People with social anxiety tend to use ‘safety behaviours’. These are behaviours that help to reduce the anxiety in the short term but in the long term, they actually help to maintain the anxiety. Using safety behaviours prevents a person from learning healthier longer lasting coping skills. Safety behaviours comprise actions such as: staying in the background, avoiding eye contact, making regular trips to the bathroom or having some other type of ritual to cope in the immediate situation.

Safety behaviours can result in ‘self fulfilling’ prophecies. For example, if we stay quiet in a social situation, we may come across as distant and thereby be ignored by others as we  are coming across as unapproachable. This will then reinforce our thoughts that no one likes us and that we are terrible in social situations.

Challenging social anxiety:

  1. Less self focus

Practise focusing externally rather than being overly concerned with yourself. When we feel socially anxious we focus on whether we are blushing or imagine that our nervousness is easy to notice which makes us feel even more anxious. Make an effort to focus your attention on others rather than on yourself.

2. Use approach behaviour

Instead of withdrawing and avoiding, it is essential to start taking small steps towards being around others. The more time we spend with others socially, the more our anxiety will diminish.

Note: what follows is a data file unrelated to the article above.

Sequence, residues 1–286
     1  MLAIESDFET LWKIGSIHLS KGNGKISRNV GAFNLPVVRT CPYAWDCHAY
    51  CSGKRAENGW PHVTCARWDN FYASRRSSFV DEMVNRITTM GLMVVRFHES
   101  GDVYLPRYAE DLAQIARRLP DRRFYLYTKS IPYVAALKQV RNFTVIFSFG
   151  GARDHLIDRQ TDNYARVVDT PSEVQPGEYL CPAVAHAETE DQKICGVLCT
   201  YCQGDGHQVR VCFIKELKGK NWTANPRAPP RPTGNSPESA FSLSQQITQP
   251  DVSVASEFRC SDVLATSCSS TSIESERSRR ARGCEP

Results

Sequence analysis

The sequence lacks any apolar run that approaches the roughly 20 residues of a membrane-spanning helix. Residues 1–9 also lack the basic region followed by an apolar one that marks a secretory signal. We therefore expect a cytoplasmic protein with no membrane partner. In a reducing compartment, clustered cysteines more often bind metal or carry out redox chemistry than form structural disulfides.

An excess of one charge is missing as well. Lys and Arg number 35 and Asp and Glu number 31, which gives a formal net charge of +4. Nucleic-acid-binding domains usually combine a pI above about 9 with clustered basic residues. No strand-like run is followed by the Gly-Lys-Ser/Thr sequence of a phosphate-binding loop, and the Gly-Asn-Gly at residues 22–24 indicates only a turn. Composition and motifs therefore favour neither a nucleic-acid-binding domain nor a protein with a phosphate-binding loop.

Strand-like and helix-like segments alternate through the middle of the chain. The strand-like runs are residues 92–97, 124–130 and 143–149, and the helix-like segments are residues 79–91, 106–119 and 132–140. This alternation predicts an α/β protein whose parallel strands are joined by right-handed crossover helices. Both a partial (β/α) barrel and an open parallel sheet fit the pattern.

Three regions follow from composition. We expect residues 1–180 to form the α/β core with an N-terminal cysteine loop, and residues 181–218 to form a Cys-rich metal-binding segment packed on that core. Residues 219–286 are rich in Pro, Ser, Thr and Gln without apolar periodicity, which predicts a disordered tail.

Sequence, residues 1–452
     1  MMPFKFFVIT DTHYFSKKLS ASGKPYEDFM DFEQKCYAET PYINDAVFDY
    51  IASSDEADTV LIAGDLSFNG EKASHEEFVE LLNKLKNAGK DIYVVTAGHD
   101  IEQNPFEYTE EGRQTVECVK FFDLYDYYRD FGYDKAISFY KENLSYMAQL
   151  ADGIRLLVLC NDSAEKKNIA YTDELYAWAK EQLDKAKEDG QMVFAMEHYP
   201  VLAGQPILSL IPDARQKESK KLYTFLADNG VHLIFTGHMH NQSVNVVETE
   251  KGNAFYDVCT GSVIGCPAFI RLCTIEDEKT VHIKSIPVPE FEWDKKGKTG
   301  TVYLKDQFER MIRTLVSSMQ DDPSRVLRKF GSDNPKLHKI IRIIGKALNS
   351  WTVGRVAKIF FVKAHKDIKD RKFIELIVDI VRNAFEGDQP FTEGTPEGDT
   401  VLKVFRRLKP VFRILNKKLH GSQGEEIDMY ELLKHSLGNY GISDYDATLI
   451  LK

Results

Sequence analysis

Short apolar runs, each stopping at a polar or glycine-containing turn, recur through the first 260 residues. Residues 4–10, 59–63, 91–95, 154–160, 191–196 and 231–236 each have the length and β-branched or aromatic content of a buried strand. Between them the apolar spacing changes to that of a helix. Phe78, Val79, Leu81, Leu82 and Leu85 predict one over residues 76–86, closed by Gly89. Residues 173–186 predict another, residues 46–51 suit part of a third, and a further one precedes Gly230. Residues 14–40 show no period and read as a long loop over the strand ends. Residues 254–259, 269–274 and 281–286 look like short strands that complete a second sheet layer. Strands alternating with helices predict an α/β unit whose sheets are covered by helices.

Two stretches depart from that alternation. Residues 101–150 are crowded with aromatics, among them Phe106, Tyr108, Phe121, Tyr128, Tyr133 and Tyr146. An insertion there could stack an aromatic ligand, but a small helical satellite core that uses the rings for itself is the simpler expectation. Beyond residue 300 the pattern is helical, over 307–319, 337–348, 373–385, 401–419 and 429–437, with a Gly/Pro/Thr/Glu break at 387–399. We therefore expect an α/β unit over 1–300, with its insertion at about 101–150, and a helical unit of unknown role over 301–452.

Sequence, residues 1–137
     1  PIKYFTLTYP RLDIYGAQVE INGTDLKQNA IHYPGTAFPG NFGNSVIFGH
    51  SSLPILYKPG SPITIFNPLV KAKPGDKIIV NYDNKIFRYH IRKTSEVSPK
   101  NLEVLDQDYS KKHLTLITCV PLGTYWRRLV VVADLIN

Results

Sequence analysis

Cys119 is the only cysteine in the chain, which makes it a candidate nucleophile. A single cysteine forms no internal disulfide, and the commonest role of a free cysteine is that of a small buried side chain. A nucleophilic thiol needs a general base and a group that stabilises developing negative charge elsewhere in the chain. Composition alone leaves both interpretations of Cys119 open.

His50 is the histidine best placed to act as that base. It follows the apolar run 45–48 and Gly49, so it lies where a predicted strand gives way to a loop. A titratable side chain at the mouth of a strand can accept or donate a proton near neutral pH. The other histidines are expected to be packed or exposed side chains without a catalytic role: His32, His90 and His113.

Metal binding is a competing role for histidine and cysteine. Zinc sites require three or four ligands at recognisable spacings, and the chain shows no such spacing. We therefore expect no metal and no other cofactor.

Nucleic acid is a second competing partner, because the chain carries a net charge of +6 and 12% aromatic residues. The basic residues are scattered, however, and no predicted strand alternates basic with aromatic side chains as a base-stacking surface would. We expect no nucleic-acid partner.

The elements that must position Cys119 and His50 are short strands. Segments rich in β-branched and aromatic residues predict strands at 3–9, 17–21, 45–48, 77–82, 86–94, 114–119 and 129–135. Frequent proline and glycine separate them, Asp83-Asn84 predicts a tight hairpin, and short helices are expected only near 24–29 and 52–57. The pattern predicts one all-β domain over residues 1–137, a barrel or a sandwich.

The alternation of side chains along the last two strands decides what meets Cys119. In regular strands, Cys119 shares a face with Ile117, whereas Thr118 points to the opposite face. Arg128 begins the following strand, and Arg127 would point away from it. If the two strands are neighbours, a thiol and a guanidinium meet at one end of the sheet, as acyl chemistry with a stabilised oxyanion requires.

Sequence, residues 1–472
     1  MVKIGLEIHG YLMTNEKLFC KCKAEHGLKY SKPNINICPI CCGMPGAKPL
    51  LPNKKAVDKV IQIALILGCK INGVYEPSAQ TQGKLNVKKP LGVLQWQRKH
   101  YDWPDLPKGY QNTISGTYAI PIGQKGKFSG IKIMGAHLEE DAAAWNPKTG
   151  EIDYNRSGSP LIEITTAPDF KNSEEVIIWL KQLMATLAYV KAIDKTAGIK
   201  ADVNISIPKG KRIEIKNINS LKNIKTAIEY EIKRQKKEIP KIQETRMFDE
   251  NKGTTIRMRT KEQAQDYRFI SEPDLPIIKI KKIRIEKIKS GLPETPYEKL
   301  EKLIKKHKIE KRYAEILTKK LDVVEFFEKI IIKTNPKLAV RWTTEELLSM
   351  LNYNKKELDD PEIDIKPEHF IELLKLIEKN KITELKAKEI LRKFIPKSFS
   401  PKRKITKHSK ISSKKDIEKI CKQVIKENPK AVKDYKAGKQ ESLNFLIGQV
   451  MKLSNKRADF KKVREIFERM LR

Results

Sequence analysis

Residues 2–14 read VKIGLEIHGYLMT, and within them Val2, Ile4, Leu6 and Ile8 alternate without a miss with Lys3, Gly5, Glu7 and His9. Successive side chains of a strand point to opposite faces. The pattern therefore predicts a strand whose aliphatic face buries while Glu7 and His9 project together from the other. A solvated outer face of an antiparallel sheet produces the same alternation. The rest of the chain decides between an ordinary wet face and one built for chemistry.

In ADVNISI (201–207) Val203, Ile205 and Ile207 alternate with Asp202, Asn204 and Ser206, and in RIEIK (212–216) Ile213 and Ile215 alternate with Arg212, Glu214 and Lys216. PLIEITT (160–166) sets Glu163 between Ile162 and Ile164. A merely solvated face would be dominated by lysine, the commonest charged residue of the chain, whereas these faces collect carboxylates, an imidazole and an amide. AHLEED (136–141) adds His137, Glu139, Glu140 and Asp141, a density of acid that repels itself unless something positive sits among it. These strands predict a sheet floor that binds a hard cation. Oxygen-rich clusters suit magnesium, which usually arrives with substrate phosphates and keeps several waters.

3. Challenge negative anxious thoughts

We often tend to ‘mind read’, assuming we know what others are thinking. This is irrational though because unless we ask, we don’t really know what others are thinking. When dealing with clients with social anxiety, they have told me they think others are noticing their imperfections or perceived flaws. Often, they are projecting their own insecurities onto others. For example – if they think they have bad teeth, they will assume others are noticing their teeth and thinking how awful they are. The reality could be completely different. Actually, we are all quite egocentric, in that we are all quite focused on ourselves and so when we assume others are focused on us, they probably aren’t at all.

Always ask if there is evidence to believe a certain thought. Often there won’t be.

4. Reduce safety behaviours

Make a list of safety behaviours such as: I stand in the kitchen at parties; I never talk unless someone speaks to me first, I make regular trips to the bathroom, I avoid social gatherings altogether…

The  rate each behaviour out of 10 in terms of how anxious it might make you feel

The start with the items lower on the list – the 1’s, 2’s and 3’s out of ten – use this behavioural hierarchy to start confronting safety behaviours.

Try talking to someone first, rate your anxiety before and after (out of 10) and then make a not of what you predicted might happen (they would laugh and walk away) and what actually happened (the person spoke to me briefly)..in this way we begin to challenge and remove out fears and pre existing thoughts about social situations.

We all experience anxiety, some of us are just better at covering it up. Getting out there and confronting our social anxiety is the best way forward. Social anxiety can be over come.

Mandy X